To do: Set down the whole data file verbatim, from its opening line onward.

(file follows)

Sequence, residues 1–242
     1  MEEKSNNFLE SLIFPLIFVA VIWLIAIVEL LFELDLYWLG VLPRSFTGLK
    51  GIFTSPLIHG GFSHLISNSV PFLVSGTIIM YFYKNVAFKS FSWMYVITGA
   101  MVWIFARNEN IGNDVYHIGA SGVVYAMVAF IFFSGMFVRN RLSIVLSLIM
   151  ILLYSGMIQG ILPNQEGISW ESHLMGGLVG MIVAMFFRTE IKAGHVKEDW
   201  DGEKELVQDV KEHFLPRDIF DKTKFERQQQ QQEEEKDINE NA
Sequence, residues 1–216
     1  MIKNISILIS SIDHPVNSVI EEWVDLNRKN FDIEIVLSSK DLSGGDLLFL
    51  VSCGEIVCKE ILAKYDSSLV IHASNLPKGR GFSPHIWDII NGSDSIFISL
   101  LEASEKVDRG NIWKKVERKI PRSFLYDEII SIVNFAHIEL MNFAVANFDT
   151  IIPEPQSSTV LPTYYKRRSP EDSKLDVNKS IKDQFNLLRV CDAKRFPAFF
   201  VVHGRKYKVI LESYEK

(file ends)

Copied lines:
Sequence, residues 1–242
     1  MEEKSNNFLE SLIFPLIFVA VIWLIAIVEL LFELDLYWLG VLPRSFTGLK
    51  GIFTSPLIHG GFSHLISNSV PFLVSGTIIM YFYKNVAFKS FSWMYVITGA
   101  MVWIFARNEN IGNDVYHIGA SGVVYAMVAF IFFSGMFVRN RLSIVLSLIM
   151  ILLYSGMIQG ILPNQEGISW ESHLMGGLVG MIVAMFFRTE IKAGHVKEDW
   201  DGEKELVQDV KEHFLPRDIF DKTKFERQQQ QQEEEKDINE NA
Sequence, residues 1–216
     1  MIKNISILIS SIDHPVNSVI EEWVDLNRKN FDIEIVLSSK DLSGGDLLFL
    51  VSCGEIVCKE ILAKYDSSLV IHASNLPKGR GFSPHIWDII NGSDSIFISL
   101  LEASEKVDRG NIWKKVERKI PRSFLYDEII SIVNFAHIEL MNFAVANFDT
   151  IIPEPQSSTV LPTYYKRRSP EDSKLDVNKS IKDQFNLLRV CDAKRFPAFF
   201  VVHGRKYKVI LESYEK